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God’s Word for You

Proverbs 30:15-16 Daughters of the leech

by Pastor Timothy Smith on Monday, April 12, 2021

15 “The leech has two daughters: ‘Give!’ and ‘Give!’”

The number of fantasies that have been batted around over the centuries about the “leech” in this proverb are just too many to mention. Suffice it to say that in this comparison, the leech is just that, a leech, a wormlike thing that lives by sucking blood. But who are the two daughters? They are “Give!” and “Give!” We don’t need to overthink this, since it is expanded on in the very next proverb (15b-16). But anything that is like a leech (greed, covetousness, addictions of every kind, sinful habits, etc.) all say “gimme gimme gimme” and never quit. But should we only think of sinful things, wicked things, shameful things, or things that are the result of sin in the world? Is a leech a wicked thing, or simply one of God’s creatures? When the Greek translation of Proverbs was made in about the 3rd or 2nd century BC, the translator put the best construction on this, taking it in the kindest possible way, and had the leech’s daughters saying “Love” and “Be loved.” The Hebrew clearly says, “Give, give,” but it’s worth remembering that one who truly loves wants only to love more, and that one who is truly loved wants only to be loved more. It’s a wonderful little moment in the world of translation, one worth remembering—especially when you love, and are loved. Keep it up.

“Three things are never satisfied, four never say, ‘Enough!’: 16 the grave, the barren womb, land, which is never satisfied with water, and fire, which never says, ‘Enough!’”

Here we have four things that are the result of sin in the world, but which are not sinful of themselves. The grave keeps asking and asking. The word sheol sounds very much like the Hebrew for “ask.” And the grave will not stop asking for more until Christ empties all graves on the Last Day (1 Corinthians 15:52).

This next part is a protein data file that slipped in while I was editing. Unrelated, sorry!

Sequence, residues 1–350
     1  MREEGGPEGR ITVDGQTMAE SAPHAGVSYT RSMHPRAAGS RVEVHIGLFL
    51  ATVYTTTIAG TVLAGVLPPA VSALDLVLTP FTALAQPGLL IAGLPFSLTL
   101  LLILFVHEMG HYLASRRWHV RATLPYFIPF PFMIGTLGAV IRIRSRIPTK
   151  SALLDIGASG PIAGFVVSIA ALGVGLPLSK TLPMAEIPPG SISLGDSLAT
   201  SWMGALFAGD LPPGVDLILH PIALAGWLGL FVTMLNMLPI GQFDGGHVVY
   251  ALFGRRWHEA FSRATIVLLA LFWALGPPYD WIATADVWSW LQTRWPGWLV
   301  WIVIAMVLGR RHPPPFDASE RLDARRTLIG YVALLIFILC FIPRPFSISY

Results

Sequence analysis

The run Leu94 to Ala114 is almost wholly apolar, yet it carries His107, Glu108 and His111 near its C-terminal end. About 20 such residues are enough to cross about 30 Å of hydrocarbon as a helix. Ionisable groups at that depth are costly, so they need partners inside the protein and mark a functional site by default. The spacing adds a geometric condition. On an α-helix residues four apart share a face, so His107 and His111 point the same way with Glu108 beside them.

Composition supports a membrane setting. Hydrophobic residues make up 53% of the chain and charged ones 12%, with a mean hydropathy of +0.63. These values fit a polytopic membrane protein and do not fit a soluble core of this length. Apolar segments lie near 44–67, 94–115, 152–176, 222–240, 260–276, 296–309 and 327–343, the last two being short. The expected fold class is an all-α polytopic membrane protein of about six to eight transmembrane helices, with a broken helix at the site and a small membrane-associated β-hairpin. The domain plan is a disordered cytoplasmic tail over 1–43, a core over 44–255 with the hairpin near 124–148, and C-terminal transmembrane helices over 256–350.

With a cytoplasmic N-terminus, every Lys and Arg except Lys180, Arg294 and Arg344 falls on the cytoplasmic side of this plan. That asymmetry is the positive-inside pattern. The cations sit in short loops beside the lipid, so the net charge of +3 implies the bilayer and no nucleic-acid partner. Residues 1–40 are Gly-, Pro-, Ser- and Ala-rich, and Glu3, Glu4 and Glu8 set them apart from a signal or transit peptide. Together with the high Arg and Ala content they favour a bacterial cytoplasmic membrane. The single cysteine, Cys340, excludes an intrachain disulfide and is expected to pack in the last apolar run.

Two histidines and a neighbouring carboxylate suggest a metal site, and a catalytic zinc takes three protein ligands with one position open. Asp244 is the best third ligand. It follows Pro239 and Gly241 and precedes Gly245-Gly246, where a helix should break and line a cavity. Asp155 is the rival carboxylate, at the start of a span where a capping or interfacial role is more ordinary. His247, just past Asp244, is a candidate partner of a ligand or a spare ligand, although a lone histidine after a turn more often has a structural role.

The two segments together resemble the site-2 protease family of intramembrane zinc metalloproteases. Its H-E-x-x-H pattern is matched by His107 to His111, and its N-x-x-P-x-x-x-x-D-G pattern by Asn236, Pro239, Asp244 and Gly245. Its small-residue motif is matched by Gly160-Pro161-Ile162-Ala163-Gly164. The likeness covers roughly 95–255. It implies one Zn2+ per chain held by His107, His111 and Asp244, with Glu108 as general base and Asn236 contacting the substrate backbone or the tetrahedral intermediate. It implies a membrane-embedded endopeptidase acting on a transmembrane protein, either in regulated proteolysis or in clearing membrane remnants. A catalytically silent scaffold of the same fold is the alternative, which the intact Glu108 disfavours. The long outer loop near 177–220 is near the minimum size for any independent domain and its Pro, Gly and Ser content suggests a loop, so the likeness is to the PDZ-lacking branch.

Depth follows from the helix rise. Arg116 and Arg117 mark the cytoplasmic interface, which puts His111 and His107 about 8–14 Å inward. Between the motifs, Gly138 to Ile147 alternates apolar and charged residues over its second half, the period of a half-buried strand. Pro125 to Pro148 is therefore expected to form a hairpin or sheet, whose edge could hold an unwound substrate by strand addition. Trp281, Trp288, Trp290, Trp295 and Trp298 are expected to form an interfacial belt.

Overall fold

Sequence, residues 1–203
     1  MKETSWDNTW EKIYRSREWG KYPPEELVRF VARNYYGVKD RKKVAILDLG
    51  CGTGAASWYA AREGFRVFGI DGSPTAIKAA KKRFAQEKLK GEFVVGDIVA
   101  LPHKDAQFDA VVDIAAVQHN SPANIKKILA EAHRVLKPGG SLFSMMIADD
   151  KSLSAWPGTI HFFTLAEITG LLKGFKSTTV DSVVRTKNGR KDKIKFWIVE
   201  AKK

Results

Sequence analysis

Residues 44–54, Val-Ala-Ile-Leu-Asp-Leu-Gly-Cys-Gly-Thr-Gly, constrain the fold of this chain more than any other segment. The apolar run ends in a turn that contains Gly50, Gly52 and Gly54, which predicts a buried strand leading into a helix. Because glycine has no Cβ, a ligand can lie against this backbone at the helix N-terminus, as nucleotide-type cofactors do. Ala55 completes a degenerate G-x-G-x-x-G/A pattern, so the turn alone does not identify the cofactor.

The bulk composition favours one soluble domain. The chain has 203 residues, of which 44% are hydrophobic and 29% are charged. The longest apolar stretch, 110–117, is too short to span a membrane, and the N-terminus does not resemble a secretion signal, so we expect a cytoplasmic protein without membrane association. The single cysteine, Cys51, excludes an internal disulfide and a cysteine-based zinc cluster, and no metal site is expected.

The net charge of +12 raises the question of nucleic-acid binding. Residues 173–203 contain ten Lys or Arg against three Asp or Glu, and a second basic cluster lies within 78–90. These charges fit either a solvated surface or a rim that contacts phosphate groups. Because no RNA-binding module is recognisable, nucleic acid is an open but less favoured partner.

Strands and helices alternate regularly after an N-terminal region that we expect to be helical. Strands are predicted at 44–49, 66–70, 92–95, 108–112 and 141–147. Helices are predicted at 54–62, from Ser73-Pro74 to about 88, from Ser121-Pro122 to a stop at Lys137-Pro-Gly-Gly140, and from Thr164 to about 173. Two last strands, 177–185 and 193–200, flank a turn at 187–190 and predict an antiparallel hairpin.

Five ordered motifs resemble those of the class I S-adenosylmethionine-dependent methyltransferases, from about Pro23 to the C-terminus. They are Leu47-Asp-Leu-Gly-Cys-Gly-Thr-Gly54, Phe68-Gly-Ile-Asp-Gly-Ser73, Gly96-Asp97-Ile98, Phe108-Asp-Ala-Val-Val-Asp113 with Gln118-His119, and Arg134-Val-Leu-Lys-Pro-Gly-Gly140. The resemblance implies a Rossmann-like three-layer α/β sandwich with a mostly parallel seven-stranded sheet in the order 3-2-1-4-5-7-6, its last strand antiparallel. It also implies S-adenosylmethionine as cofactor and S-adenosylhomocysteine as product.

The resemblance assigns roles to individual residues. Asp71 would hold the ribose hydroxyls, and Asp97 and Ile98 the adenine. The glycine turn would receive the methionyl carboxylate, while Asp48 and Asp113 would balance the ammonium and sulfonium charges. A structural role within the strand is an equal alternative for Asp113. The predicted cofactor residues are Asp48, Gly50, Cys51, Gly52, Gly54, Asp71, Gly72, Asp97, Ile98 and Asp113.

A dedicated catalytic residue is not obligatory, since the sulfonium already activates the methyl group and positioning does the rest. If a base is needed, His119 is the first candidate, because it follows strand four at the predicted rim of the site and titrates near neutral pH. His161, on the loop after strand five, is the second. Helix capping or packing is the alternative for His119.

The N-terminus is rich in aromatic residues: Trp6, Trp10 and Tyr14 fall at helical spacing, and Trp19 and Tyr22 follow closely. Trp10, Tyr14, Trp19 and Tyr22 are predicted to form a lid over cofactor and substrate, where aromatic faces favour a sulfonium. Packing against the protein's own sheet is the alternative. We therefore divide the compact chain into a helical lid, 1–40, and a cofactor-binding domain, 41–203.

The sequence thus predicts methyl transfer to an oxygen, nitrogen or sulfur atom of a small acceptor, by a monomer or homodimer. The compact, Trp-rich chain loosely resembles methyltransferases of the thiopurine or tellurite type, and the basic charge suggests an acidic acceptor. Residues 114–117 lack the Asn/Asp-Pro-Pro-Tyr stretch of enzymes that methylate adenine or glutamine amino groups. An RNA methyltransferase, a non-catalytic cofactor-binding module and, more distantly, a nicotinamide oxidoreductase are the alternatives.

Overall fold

The barren womb is a way of describing a woman, or more specifically a married couple, who want a child but have none, such as Isaac and Rebekah, who prayed for a child, their prayer was answered (Genesis 25:21). Once the barren couple has a child, the need is sated. If they are given more children, they will be happy, but if they have only the one child, they have a special happiness that cannot say, “The Lord did not give.” This line also reminds us that a barren womb invites prayer, and that a womb should not be kept barren as if barrenness pleases God. How many thousands, millions, of men and women have been led to believe that they should forsake marriage as if God commands them to? The Confutation (opposition) to our Augsburg Confession spat: “Let them show, if they can, where God commanded priests to marry” (Pt. II, Article II). Besides all of the ordinances about who an Old Testament priest could and could not marry, as well as the laws about the daughters of priests (Leviticus 21:1-15; Ezekiel 44:22,25), there are also the words of Paul about Christians in general and marriage (1 Corinthians 7:2-5,9) and about ministers of the gospel in particular: “Don’t we have the right to take a believing wife along with us, as do the other apostles and the Lord’s brothers and Peter?” (1 Corinthians 9:5). Ministry is not enhanced by forbidding marriage, but by promoting godly living. A chaste marriage is God’s will and a constant lifelong blessing. A failed attempt at celibacy would be a constant lifelong struggle and a continuous need for repentance, tormenting the sinner until death because of natural urges, and forcing a womb to be barren against the will of God. So when Paul says, “Since there is so much immorality, each man should have his own wife, and each woman her own husband” (1 Corinthians 7:2), that is answer enough for the Confutation. It is “an express command, directed to anyone not suited for celibacy” (Apology of the Augsburg Confession XIII:14). If it is demanded that we show a command requiring that priests should marry, as though priests (and nuns) were not human beings, we maintain that priests and nuns should marry because whatever applies to human nature in general, applies to priests and nuns as well. The wombs of nuns should not be barren. The wombs of the women who would have been priests’ wives (and about this we will not say more, but common knowledge may speak) should not be barren, according to the will of God given to Adam and Eve at their marriage.